His idol or not, Abraham showed little mercy in a dominant win. He rocked Lihaug throughout the fight before sending him to the canvas in the eighth round with two right hands and a left. Lihaug rose quickly but he was in rough shape. Abraham was all over him in a follow-up attack, forcing referee Mikael Hook to wave off the fight at 1 minute, 9 seconds, just as Lihaug's corner was throwing in the towel. It was an easy win for Abraham, but it remains to be seen if he is still good enough to compete at the top of the division.
Saturday at Lancaster, Calif.
Casey Ramos TKO5 Hardy Paredes
Records: Ramos (23-0, 6 KOs); Paredes (18-14, 11 KOs)
Rafael's remarks: In Top Rank's "Solo Boxeo Tecate" main event on UniMas, Ramos, a 26-year-old prospect from Austin, Texas, suffered a second-round knockdown when Paredes, 33, of Chile, caught him around the neck with a right hand. But Ramos rallied by dropping Paredes in a weird sequence in the third round. After what appeared to be an accidental head clash, Paredes turned away and walked toward the ropes as he held his jaw, but Ramos chased after him and drilled him with a right hand to knock him down. In the fifth round, Ramos was pounding Paredes when he appeared to wave to referee Tom Taylor that he was done and Taylor jumped in and stopped the fight at 58 seconds.
Friday at Tunica, Miss.
Sergey Lipinets TKO7 Walter Castillo
Records: Lipinets (10-0, 8 KOs); Castillo (26-4-1, 19 KOs)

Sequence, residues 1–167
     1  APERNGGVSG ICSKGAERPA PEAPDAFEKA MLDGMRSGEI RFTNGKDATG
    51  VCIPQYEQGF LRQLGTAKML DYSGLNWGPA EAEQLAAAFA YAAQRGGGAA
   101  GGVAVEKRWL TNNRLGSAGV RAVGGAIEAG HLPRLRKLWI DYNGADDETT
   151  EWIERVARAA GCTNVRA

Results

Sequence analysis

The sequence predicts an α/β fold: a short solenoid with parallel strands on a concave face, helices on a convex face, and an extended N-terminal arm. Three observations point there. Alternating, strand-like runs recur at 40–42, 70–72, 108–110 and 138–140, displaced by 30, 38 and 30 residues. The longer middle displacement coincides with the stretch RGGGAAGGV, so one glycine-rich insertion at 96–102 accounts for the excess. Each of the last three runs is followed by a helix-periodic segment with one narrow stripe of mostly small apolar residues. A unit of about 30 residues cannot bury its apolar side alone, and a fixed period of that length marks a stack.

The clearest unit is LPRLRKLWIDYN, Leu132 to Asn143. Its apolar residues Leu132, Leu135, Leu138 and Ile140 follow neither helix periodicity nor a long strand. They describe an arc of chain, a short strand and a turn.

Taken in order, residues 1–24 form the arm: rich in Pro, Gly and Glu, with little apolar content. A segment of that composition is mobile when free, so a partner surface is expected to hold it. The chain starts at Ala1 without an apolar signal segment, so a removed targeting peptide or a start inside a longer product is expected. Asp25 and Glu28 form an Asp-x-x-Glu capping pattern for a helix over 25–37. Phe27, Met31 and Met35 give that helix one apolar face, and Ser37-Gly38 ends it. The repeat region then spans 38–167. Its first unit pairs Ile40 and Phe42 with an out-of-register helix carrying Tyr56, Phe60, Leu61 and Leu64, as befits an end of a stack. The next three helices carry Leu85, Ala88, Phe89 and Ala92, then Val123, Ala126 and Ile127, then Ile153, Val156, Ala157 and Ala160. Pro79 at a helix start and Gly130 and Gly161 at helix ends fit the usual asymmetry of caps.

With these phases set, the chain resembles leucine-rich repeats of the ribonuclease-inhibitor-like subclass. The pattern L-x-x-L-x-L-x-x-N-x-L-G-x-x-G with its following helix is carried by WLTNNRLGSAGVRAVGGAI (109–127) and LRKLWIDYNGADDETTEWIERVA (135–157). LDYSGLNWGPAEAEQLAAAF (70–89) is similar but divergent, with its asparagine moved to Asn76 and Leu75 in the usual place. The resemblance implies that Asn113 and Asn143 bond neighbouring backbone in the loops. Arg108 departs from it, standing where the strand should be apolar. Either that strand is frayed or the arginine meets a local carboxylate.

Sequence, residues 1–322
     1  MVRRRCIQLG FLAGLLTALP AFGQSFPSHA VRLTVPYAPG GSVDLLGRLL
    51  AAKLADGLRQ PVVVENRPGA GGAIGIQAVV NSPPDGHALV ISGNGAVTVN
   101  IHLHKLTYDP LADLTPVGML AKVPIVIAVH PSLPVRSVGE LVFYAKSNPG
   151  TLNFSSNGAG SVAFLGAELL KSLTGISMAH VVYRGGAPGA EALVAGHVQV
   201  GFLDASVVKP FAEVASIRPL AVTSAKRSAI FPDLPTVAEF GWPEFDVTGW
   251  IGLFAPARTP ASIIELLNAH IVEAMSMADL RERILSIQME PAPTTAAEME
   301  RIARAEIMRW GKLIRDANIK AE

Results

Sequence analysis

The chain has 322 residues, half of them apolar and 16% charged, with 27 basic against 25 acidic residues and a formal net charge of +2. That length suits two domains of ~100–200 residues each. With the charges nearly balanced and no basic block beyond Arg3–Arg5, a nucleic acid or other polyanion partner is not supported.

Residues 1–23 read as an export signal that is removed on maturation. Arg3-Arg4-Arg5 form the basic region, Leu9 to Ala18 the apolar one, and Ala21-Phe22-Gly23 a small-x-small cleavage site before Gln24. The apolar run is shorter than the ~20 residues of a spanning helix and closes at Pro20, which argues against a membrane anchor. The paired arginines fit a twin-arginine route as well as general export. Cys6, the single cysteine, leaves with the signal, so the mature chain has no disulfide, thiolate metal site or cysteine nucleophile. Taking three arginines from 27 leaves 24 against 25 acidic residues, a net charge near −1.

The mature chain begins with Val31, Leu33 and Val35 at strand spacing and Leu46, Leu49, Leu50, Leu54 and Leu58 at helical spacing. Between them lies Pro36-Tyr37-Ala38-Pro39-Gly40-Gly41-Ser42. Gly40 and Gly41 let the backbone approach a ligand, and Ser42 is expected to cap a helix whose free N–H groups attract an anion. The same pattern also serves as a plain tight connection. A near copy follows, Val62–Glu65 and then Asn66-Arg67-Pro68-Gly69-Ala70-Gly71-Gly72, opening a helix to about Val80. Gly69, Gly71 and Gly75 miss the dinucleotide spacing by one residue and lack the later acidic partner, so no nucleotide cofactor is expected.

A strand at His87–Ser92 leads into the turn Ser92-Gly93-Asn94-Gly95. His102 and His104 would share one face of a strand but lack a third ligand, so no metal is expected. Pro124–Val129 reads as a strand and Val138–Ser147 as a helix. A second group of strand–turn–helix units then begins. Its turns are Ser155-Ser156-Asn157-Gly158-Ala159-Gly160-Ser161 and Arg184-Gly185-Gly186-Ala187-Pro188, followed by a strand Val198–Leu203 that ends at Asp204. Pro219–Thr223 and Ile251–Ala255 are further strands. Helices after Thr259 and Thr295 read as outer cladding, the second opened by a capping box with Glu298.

Rafael's remarks: Lipinets, a 27-year-old former kickboxer from Kazakhstan who fights out of Valley Village, California, got off to a slow start but finished strong in a good performance in the main event of the Premier Boxing Champions card on ESPN. Lipinets fought through a deep cut over his left eye to stop Castillo, 27, of Nicaragua.
Lipinets, trained by Buddy McGirt, said before the fight that he wanted to score a spectacular knockout so it would make the top 10 plays on SportsCenter. But while he didn't get that done, he still fought with crowd-pleasing aggression. In the third round, a left hand bloodied Castillo's mouth. Castillo, however, had his moments, especially when he opened up on offense to drive Lipinets back toward the ropes in the fourth round. A Castillo punch opened a gash over Lipinets left eye. Lipinets, despite blood dropping down his face, continued to break Castillo down. In the seventh round, he got him on the ropes and began to tee off on Castillo, forcing referee Bill Clancy to step in at 2 minutes, 45 seconds. At the time of the stoppage, Lipinets led on one scorecard but was even on the other two.